McAdams said the county selection team will evaluate sites based on criteria like transportation, proximity to grocers, on-site parking, space for service providers and nearby availability of employment, job training and medical services.

In contrast to Salt Lake City leadership, which pared its list of sites behind closed doors, McAdams has said he will unveil about five sites within the next few days. The county will then hold at least three public input sessions at the Capitol before making its recommendation to the state committee.

McAdams said it's possible that a proposed site will abut a neighborhood, like the since-withdrawn city site at 653 E. Simpson that led to uproar from nearby Salt Lake City residents and business owners, though that neighborhood would be unlikely to consist of single-family homes.

South Salt Lake City Councilman Shane Siwik was among those opposed to the Simpson Ave. site — just two blocks away from his city's limits.

Even though there's a "crisis" around the downtown shelter at 210 S. Rio Grande St., Siwik said, he won't support a solution that involves a shelter in a residential area.

"If this is going to happen, it needs to happen somewhere in an industrial area that can still be close to the amenities," said Siwik, who surmised that South Salt Lake's bevy of regional services will make it attractive to selectors.

Murray City Councilman Dave Nicponski said the shelter won't be sited in Murray but declined to comment on the origin of that knowledge. McAdams said the county hasn't excluded anything in its broad search.

West Valley City Mayor Ron Bigelow wrote in a statement that affordable housing is the solution to homelessness and that his city "has provided real solutions to homelessness in Salt Lake County for decades."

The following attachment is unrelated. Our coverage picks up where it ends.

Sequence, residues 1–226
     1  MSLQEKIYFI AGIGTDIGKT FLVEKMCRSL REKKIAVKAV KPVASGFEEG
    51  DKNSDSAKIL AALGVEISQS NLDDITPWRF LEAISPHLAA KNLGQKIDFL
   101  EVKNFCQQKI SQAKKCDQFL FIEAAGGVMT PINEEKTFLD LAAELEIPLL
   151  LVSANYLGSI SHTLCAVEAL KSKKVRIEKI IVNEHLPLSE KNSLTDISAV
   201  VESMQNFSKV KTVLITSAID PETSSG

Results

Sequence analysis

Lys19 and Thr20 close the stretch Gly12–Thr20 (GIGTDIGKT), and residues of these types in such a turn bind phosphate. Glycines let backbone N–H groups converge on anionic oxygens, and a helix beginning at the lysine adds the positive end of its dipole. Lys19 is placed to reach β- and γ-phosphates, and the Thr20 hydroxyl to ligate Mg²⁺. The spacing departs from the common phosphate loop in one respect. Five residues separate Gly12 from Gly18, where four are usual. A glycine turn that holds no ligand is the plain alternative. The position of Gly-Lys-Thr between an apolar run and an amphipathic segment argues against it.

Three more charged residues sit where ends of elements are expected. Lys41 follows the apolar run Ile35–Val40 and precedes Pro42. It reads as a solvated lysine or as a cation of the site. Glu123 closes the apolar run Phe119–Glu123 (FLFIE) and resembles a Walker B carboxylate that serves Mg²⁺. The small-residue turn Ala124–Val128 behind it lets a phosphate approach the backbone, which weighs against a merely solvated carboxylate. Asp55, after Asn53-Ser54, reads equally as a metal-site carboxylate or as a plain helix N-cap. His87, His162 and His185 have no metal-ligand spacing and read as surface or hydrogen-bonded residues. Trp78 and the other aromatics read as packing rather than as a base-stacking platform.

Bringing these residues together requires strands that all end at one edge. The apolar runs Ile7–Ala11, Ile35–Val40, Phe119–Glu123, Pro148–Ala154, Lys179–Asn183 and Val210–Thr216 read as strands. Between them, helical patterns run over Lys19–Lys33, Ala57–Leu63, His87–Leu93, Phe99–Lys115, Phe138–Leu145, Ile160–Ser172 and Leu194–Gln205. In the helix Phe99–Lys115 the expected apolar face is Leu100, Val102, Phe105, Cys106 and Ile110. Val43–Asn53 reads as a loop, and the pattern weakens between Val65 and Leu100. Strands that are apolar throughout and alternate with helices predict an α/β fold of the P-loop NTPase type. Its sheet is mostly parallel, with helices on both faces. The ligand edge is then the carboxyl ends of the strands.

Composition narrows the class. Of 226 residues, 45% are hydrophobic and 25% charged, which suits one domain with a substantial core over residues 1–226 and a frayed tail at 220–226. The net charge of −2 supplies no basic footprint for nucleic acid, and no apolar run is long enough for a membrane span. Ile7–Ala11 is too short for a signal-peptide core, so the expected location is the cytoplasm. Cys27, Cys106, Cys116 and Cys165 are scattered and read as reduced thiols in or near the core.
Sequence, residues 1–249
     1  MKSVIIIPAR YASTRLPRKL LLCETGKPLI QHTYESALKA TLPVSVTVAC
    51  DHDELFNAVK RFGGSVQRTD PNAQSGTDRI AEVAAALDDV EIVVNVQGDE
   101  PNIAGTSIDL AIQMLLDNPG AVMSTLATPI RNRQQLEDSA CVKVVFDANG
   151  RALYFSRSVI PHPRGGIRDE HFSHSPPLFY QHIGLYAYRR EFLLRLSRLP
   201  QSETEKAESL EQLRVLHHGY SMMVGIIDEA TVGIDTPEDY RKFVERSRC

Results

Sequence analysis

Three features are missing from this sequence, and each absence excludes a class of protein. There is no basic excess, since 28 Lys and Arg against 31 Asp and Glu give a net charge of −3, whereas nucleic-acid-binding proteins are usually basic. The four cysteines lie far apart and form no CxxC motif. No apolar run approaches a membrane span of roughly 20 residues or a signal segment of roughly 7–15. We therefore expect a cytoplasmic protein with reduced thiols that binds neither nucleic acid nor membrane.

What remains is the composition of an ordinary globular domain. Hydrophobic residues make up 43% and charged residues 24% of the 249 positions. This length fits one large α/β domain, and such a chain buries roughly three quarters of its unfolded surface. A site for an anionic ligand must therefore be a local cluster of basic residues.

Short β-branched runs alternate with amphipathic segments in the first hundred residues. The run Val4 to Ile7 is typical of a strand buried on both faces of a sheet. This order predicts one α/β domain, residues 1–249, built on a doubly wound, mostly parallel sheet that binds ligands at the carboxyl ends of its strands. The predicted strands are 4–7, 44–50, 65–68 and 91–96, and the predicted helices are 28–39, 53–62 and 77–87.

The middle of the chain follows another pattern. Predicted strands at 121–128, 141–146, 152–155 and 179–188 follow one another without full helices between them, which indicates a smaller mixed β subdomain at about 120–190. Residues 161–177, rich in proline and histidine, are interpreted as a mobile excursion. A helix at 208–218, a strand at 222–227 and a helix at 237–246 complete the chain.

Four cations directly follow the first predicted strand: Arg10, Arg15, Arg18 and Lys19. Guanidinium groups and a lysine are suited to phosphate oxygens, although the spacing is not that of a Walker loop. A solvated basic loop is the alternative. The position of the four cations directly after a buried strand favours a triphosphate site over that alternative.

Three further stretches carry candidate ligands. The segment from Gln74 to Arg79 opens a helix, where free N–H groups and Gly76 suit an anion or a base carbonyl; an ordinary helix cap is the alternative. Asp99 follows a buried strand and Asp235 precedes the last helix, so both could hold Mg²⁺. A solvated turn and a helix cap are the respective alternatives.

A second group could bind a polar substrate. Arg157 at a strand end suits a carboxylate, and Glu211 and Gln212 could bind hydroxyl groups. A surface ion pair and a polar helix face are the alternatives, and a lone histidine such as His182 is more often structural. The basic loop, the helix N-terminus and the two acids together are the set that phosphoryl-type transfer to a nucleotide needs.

"This type of decision has generational impacts on a community," he said. "If a potential location is identified in West Valley City, we will make sure our voices are heard."

That's just as well, said Salt Lake County Councilwoman Aimee Winder Newton, who said she guesses that some of the five sites will be from her district — which includes Murray, Taylorsville, West Valley and West Jordan — and that there will be no shortage of commentary.

"As a county, we've always valued public input and we don't shy away from people who come with pitchforks or have strong opinions on issues," she said. "We really appreciate that."

McAdams said that input leads to valuable information, but he won't let the voices drown out reason. Whichever site the county chooses to recommend, he said, there will be opposition.

"We're going to make every decision through the lens of what's going to help us best achieve our goals of minimizing homelessness," he said.

Asked if any of the city officials who have reached out to his office have suggested a shelter within their boundaries, McAdams said they hadn't.

mpiper@sltrib.com

Twitter: @matthew_piper

 

AT A GLANCE

Public feedback schedule

Salt Lake County has scheduled the following three opportunities for the public to give feedback on possible shelter sites. On Tuesday, March 28, its Site Evaluation Committee is slated to deliberate from 3 p.m. to 5 p.m. at the state Capitol (350 State St.) in Senate Room 210. Its recommendation to the State Homeless Coordinating Committee is due March 30.

Tuesday, March 14 » From 6 p.m. to 8 p.m., an open house will be held at the state Capitol (350 State St.) in the Senate Building cafeteria

Saturday, March 18 » From 3 p.m. to 5 p.m., an open house will be held at the state Capitol (350 State St.) in the Senate Building cafeteria

Wednesday, March 22 » From 6 p.m. to 8 p.m., the Site Evaluation Committee will meet and invite public comment at the state Capitol (350 State St.) in Senate Room 210.